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Guide to Using Yellowdig for STEM Classes

Yellowdig is a very effective tool for STEM classes. With the right ~simple~ setup, you can motivate students to participate and engage with each other throughout the whole semester.

If you would like to learn more about why Yellowdig works for science, technology, engineering, and math classes, check out our conversations and research with STEM professors:

  • Watch Dr. Vicki Hart, Assistant Professor of Public Health at the University of Vermont, present her research on Yellowdig's efficacy in our guest webinar.

  • Read our blog post on success using Yellowdig as a help forum.

  • Listen to our podcast with McKinzie Sutter, from the Department of Agronomy and Horticulture at the University of Nebraska-Lincoln

  • Read the case study on McKinzie's online undergraduate course on genetic principles in agriculture.

Get started with these 4 easy steps to creating a STEM specific Yellowdig community:

1) Set up the point system in a way that will drive engagement for your class.

  • For a STEM class, it is not necessary to have high word count requirements on posts or comments. Students should feel free to ask questions and respond freely.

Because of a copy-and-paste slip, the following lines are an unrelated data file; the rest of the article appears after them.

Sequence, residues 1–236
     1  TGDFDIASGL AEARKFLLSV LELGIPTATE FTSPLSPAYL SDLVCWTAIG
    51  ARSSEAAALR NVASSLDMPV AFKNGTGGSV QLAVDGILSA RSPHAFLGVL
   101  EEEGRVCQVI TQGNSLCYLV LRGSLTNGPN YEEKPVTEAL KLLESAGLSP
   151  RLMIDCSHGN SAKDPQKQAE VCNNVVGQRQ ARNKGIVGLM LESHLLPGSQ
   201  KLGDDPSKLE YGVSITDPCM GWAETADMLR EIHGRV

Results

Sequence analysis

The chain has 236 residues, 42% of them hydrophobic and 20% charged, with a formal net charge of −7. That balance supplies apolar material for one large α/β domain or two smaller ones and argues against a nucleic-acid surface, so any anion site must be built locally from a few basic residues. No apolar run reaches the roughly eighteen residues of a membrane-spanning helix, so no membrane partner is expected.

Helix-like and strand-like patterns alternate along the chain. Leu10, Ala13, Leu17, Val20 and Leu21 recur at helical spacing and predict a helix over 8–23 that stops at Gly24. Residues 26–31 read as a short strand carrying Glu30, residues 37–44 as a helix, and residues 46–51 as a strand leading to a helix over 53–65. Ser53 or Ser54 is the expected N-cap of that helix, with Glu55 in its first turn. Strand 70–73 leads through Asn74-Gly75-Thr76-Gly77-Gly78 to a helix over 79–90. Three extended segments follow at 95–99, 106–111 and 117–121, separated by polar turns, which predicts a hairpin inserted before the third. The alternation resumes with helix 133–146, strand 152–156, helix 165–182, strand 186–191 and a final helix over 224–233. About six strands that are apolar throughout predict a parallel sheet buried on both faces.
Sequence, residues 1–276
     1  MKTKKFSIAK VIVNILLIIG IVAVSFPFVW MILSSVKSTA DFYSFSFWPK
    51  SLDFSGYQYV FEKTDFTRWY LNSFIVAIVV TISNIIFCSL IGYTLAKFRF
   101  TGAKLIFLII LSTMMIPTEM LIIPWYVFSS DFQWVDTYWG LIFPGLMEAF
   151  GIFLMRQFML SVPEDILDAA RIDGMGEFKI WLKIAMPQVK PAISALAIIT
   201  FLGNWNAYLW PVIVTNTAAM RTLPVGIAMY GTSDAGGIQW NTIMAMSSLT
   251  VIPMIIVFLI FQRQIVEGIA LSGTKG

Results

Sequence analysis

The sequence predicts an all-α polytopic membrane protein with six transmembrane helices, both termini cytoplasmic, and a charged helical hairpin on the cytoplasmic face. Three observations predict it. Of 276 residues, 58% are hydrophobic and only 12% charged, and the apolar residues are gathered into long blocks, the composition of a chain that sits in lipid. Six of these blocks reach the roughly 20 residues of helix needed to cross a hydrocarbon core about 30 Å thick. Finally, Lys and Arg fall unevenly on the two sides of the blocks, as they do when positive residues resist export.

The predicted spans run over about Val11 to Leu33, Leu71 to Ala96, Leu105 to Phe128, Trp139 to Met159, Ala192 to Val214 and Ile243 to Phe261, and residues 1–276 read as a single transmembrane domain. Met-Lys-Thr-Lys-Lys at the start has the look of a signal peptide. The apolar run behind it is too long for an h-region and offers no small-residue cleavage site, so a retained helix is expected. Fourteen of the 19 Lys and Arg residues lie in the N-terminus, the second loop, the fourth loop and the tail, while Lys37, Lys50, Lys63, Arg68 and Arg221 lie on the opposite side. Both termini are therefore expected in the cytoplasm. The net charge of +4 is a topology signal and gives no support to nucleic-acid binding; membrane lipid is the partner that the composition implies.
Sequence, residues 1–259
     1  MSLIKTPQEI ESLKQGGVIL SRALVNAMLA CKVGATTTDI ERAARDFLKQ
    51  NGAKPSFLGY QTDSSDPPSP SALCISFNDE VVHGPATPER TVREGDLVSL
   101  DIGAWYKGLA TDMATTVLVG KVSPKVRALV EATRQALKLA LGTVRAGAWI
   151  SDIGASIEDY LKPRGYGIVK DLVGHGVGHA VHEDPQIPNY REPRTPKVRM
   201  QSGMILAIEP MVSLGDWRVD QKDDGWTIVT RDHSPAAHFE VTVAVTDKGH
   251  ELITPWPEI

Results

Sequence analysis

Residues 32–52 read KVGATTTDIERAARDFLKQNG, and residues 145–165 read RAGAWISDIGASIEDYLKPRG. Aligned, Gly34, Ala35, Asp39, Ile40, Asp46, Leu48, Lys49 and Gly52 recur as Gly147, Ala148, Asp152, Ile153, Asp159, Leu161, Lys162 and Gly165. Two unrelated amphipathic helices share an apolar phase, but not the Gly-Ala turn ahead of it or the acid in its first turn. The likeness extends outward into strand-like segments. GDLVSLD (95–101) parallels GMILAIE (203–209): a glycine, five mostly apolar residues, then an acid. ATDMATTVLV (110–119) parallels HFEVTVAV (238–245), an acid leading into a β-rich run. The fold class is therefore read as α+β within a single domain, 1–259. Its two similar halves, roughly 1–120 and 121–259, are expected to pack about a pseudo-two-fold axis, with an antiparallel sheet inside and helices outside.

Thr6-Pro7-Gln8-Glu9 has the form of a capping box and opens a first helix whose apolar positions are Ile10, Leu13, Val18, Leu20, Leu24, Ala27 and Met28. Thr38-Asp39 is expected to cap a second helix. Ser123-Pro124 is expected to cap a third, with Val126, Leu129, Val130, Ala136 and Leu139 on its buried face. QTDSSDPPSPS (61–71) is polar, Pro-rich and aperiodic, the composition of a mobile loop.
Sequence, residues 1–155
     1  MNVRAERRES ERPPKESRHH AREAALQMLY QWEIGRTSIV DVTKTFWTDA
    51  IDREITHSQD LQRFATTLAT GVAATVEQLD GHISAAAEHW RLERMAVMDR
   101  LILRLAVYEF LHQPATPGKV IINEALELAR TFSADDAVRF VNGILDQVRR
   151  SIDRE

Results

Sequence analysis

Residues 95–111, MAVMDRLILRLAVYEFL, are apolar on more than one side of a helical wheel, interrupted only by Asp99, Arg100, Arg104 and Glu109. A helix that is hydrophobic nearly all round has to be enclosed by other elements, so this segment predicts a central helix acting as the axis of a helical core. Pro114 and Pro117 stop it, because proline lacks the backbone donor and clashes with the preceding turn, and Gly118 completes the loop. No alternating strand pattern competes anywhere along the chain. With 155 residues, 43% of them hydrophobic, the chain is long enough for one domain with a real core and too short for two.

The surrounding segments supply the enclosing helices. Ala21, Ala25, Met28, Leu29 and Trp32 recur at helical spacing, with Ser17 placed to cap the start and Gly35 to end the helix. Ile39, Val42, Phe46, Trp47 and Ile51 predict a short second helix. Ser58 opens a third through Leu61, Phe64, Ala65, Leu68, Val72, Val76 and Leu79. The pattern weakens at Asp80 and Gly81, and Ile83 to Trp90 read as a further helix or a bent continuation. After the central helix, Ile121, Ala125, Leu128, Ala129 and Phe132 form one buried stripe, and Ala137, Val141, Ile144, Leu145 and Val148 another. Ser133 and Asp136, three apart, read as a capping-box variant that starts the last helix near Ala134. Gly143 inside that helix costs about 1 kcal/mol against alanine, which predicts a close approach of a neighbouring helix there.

• Consider having comments be equal or worth more than posts. Students derive the most educational value from working collaboratively to solve problems, instead of just being stuck. Encouraging back and forth conversations by encouraging students to reply to one another can drive high quality engagement that leads to better understanding.

  • Create and give out accolades. Giving accolades to students can help to validate their answer and incentivize further participation.

  • Allow social points. With Social points include points for reactions like giving another student’s post a “thumbs up” for posting a useful answer to their question. We have found that social points incentivize high-quality content and give students a greater sense of ownership over their community.

2) Set up a topic called “Help Forum” where students can ask questions about homework and problem sets.

  • Asking questions is a key way for students to learn and